Jane Seymour on finding new love in her mid-60s: no Tinder
LOS ANGELES >> Jane Seymour was in her mid-60s when her husband of 20 years decided it was over. The actress was floored.
“I had a long marriage and never thought it was going to end,” the 68-yearold said recently while promoting the second season of Netflix’s “The Kominsky Method,” co-starring Michael Douglas and Alan Arkin. “I’m going, ‘I what? I date? What? Are you crazy? How does this work?’ And then my kids would say, ‘Mom, there’s this thing called Tinder.’ And I’m like, ‘No, that’s not going to happen.’ ”
But similar to her character in “The Kominsky Method” who runs into an old flame, fate intervened, and Seymour stumbled upon new romance. She has been with boyfriend and British film director David Green since 2014, about a year after her divorce from filmmaker James Keach, who directed “Dr. Quinn, Medicine Woman,” Seymour’s iconic role.
“Accidentally I ran into somebody I knew 38 years earlier who had been in a long marriage and his marriage ended,” she said. “It wasn’t his choice and my marriage ended. It wasn’t my choice. And we randomly met accidentally 38 years later and realized we were free, and we’ve been together ever since. So I do not have to date.”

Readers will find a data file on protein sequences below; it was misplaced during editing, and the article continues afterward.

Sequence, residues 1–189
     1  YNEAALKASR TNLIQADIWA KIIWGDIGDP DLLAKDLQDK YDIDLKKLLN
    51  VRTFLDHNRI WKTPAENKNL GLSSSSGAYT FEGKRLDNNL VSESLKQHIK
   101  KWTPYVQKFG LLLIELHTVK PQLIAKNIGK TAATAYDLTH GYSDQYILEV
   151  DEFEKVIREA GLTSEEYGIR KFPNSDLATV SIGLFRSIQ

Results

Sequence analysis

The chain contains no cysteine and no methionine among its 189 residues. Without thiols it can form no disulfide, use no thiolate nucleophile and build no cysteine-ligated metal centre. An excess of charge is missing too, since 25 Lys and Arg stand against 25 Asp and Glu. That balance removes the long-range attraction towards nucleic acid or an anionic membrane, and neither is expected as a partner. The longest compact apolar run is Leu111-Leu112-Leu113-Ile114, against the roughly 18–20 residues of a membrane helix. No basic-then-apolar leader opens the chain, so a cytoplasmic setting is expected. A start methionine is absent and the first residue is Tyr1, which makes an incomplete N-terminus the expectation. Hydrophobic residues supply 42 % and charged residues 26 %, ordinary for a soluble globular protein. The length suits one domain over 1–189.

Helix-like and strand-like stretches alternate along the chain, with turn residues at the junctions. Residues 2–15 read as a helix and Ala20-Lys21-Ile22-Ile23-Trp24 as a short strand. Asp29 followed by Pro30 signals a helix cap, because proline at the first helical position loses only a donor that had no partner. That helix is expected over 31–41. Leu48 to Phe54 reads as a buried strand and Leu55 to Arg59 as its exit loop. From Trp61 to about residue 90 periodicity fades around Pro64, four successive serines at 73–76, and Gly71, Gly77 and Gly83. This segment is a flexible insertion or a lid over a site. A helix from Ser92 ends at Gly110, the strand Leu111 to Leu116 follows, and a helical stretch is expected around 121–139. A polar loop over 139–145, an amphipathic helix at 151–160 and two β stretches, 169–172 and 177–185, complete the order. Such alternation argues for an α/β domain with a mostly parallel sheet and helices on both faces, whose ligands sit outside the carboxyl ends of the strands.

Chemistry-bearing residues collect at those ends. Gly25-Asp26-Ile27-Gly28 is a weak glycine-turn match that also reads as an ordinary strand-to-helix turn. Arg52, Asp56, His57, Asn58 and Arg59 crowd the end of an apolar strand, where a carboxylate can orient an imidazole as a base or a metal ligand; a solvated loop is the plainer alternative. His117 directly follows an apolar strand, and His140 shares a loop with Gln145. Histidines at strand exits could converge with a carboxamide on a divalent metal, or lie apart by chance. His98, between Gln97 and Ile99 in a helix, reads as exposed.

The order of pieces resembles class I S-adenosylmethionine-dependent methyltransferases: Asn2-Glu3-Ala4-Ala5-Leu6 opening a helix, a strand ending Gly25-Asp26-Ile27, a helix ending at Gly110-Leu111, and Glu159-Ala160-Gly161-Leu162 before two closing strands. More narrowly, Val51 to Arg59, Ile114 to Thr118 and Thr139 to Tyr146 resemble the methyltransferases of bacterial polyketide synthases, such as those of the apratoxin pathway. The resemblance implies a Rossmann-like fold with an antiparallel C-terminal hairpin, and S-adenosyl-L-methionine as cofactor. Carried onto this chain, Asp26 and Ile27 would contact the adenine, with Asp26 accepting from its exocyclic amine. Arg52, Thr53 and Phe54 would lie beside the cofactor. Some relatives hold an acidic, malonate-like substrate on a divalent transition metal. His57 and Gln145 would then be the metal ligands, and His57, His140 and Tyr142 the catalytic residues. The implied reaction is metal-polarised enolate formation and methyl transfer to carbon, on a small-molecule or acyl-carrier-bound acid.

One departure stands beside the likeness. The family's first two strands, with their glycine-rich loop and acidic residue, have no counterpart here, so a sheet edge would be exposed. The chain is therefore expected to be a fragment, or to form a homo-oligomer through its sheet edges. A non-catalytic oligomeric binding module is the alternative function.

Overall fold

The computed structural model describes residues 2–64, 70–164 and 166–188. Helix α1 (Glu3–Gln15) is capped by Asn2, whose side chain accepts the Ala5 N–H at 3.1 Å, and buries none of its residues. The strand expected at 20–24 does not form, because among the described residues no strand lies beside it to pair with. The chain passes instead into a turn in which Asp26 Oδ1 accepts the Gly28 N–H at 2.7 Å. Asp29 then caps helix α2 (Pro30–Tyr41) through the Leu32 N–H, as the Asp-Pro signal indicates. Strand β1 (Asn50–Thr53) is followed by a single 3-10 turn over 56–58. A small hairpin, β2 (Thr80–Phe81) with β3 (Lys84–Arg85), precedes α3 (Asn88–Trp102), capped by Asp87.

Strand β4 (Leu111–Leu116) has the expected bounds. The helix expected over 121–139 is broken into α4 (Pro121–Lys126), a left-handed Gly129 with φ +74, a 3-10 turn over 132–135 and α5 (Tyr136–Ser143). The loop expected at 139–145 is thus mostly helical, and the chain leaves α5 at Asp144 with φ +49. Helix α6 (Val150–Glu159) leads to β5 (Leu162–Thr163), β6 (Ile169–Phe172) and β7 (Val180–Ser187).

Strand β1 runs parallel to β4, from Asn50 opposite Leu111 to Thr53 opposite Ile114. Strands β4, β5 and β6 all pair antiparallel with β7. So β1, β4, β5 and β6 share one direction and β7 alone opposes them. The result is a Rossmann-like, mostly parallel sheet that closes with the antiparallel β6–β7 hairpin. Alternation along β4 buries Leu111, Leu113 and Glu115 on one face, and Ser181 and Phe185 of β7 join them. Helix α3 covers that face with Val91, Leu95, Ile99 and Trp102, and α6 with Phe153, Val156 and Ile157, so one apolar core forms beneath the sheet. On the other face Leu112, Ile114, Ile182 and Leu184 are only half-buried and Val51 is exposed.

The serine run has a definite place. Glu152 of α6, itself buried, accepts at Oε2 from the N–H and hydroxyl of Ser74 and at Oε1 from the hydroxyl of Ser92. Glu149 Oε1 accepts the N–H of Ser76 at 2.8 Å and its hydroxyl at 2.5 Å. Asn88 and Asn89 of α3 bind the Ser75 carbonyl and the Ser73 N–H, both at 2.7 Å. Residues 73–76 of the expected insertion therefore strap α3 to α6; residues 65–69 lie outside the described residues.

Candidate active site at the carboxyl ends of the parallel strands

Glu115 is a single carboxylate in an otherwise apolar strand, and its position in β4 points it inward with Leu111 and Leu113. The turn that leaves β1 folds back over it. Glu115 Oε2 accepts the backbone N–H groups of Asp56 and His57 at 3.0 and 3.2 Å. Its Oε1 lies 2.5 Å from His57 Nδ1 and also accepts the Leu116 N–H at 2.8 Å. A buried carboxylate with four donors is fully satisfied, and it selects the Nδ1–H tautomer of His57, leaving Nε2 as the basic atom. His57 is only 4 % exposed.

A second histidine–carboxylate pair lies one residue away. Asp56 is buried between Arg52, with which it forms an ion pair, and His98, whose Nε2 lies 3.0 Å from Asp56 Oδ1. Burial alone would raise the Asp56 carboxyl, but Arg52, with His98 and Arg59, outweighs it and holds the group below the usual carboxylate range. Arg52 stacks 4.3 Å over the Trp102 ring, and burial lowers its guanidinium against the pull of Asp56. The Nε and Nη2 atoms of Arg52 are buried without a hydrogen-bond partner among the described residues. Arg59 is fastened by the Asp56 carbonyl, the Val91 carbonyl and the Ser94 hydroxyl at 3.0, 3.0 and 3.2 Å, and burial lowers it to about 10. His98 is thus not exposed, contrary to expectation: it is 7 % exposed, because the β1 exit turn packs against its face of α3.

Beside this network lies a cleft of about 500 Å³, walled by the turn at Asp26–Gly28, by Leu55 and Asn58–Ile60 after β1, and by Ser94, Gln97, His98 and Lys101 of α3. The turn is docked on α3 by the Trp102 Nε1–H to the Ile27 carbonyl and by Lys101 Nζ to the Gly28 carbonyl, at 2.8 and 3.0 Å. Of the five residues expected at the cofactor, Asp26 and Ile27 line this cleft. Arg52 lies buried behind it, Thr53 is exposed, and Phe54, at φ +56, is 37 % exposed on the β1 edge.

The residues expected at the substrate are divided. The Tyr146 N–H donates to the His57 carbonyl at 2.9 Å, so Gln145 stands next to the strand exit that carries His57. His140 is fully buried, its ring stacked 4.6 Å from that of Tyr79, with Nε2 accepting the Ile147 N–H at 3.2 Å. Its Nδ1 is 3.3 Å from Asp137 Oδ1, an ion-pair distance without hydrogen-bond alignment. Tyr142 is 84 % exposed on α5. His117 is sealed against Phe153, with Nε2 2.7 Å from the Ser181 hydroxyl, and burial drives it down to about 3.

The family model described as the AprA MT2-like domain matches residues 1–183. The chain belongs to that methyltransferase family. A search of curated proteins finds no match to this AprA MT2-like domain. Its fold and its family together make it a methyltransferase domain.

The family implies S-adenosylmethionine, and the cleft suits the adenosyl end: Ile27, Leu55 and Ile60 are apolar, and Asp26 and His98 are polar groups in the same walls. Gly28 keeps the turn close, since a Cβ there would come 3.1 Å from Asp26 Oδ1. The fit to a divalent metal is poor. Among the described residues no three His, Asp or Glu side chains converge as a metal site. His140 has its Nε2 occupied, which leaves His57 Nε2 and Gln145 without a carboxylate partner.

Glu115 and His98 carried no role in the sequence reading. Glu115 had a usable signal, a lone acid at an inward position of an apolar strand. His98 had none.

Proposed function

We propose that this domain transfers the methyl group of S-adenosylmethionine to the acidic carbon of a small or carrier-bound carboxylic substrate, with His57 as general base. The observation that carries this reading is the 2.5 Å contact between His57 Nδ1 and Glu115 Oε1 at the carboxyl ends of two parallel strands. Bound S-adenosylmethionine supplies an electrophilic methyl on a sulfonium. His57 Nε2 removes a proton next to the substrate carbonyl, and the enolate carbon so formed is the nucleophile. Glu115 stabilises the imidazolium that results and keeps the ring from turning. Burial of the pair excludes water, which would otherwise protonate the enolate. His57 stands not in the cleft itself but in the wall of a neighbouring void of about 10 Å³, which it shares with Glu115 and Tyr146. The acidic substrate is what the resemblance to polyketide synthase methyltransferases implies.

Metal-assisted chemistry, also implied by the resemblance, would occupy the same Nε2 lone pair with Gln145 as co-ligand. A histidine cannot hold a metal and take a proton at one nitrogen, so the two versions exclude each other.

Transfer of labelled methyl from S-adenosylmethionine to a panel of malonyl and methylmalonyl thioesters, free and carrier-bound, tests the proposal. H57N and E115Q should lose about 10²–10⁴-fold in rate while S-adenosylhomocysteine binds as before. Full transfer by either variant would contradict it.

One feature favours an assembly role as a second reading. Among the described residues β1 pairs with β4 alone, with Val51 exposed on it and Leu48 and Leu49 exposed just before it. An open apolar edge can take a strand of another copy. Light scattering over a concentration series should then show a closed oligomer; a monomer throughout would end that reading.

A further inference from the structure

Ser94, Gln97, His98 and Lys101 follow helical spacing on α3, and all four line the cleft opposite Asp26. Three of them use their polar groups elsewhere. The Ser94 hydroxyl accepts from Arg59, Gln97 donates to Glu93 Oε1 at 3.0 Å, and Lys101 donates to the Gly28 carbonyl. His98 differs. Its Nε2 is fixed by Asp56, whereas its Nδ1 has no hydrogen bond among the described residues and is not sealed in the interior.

Her experience drew Seymour to “The Kominsky Method,” in which she plays Madelyn, who reconnects with Arkin’s character (Norman) at a funeral following the deaths of their spouses.
“I do get this whole thing of having a relationship with someone that’s a contemporary, you know?” Seymour said. “We’re both dealing with older children, exes and our future ... how long will we live? How can we stay healthy? How can we tick off our bucket list? Do we still want to work or do we feel like we’ve only just started, which is the case with me and David.”
The Emmy- and Golden Globe-winning actress has four children and two stepchildren from her four marriages.
On top of acting and a busy family life, Seymour designs furniture and jewelry. Seymour recently had a one-woman art show in Washington, she writes books, runs a nonprofit and produces movies.
“I do what I do because I love it,” she said. “I don’t think of it ever as a job ... It’s called living. So I don’t see retiring. You don’t retire from life.”
In fact, Seymour said her own children have a tough time keeping up with her.